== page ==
Cognitive Mechanisms of Alcohol Abuse

Grants and Contracts Details


Excessive alcohol use during a drinking episode (i.e., a binge) contributes to many adverse health and social consequences. Binge drinkers are more likely to drive while intoxicated and to suffer blackouts and hangover. A continued pattern of binge drinking poses immediate health risks (e.g., alcohol poisoning, acute alcoholic hepatitis), and long-term consequences, such as alcohol dependence and liver cirrhosis. Given that even mild doses of alcohol impair cognitive processes that control behavior, it is important to understand how such disturbances also can reduce control over alcohol intake once a drinking episode has begun. The proposed project aims to determine how the inability to curtail alcohol consumption during a drinking episode is linked to alcohol-induced impairment of cognitive processes involved in the self-control and regulation of behavior. The research will examine acute alcohol impairment of cognitive functions in young non-dependent drinkers. The project combines measures of alcohol effects on cognitive inhibitory processes with traditional abuse liability indices based on subjective rewarding effects of the drug and its ability to reinforce self-administration. Studies will determine the degree to which alcohol abuse potential is influenced by two mechanisms of drug action: 1) reward-enhancing effects (i.e., elevation of an approach "go" mechanism); and 2) impairment of cognitive inhibitory processes (i.e., suppression of an avoidance "stop" mechanism). Multiple strategies will test the role of acute cognitive impairment in the abuse liability of alcohol. A drug-reinforcement model will test the degree to which preload alcohol doses "prime" subsequent drug self-administration by impairing inhibitory control processes that regulate behavior. The research also will test an indirect alcohol antagonist drug. caffeine, and an approved medication for alcohol abuse, naltrexone, for their ability to reduce alcohol self-administration by blocking its impairing effects on inhibitory control. The research has several long-term objectives. The findings will provide an understanding of how drinkers' susceptibility to alcohol's acute cognitive-impairing effects can pose an early-onset risk factor for later alcohol dependence by promoting a continued pattern of abusive binge drinking. The research strategies also will provide methods for testing the role of cognitive mechanisms in the treatment efficacy of existing pharmacotherapies. such as naltrexone, as well as some investigational medications that might operate via cognitive mechanisms (e.g., acamprosate). Finally, the proposed experiments will provide initial methods and protocols for studying alcohol use in combination with other drugs of abuse that also disrupt cognitive functions, such as cocaine, for which binge use is also a common pattern of drug-taking.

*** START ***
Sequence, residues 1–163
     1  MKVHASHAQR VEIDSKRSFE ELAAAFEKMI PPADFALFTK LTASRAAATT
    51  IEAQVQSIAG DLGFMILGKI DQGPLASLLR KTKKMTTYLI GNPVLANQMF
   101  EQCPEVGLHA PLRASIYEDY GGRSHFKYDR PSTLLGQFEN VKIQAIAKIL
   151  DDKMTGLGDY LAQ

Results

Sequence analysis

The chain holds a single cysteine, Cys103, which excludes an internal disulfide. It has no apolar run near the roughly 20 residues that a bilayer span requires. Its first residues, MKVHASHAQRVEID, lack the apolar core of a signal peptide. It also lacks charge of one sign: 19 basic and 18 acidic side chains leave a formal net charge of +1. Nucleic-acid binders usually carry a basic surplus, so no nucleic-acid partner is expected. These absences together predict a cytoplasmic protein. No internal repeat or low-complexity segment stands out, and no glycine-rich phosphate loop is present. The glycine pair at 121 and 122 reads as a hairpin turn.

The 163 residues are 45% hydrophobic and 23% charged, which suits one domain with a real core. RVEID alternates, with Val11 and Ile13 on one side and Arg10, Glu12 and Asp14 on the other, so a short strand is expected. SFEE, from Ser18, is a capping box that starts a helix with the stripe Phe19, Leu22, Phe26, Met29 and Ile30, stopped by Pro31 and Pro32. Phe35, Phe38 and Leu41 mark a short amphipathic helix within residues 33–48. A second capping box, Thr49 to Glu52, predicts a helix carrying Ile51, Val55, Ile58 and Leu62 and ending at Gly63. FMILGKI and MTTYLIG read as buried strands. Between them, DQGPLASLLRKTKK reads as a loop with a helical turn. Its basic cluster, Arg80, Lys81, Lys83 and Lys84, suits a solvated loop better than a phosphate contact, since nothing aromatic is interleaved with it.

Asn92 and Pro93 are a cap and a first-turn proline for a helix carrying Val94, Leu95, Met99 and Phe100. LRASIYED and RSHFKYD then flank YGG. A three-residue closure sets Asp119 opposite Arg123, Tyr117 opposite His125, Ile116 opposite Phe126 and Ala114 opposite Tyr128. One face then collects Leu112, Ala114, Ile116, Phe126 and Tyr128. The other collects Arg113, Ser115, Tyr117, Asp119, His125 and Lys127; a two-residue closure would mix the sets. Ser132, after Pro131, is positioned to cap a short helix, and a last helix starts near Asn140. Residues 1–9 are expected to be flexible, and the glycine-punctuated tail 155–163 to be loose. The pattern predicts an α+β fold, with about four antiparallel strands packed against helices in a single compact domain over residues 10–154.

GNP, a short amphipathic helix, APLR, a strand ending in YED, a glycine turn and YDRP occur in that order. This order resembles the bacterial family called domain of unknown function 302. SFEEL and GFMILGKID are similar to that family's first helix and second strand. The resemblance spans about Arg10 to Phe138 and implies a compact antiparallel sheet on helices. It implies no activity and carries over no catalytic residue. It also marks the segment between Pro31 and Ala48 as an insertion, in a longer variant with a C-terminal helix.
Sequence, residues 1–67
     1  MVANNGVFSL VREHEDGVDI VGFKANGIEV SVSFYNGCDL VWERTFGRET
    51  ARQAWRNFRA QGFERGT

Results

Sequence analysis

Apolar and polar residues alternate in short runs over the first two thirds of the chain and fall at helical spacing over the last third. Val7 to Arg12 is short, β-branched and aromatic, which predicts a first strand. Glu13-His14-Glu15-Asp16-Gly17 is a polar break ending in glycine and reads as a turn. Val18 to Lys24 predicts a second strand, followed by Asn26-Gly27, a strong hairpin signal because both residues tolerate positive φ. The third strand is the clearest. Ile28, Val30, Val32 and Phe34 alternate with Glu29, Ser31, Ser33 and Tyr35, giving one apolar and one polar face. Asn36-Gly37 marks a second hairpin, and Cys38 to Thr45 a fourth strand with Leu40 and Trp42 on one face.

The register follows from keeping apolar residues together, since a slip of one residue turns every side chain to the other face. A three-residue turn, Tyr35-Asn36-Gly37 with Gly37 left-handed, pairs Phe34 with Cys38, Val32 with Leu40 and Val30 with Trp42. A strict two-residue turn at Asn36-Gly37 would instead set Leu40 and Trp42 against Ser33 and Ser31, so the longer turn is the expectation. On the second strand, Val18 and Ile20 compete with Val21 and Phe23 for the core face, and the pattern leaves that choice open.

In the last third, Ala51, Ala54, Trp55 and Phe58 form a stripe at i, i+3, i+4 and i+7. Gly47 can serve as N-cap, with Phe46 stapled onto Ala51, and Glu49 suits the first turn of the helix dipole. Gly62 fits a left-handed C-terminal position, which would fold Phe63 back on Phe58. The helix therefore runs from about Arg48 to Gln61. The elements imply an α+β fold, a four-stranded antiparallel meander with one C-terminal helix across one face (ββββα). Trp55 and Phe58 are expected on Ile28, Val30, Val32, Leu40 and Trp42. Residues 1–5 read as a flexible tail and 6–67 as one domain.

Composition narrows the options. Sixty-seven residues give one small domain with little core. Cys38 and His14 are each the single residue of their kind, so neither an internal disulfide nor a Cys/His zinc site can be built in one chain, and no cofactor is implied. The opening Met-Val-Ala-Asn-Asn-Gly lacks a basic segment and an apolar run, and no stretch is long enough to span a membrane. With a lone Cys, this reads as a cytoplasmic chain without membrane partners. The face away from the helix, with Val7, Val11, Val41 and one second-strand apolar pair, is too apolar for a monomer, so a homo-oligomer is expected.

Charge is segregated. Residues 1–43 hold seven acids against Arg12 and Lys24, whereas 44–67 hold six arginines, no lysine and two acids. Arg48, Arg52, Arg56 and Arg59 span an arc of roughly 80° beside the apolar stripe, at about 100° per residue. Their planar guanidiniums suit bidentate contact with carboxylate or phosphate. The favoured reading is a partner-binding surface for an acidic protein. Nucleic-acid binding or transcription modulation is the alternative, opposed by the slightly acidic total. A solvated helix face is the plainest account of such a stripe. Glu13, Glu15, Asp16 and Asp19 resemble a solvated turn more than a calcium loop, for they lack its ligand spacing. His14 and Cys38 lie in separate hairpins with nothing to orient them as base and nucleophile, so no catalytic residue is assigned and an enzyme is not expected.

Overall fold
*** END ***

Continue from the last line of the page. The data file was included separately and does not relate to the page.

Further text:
Effective start/end date9/1/0110/31/05


  • National Institute on Alcohol Abuse and Alcoholism: $541,970.00


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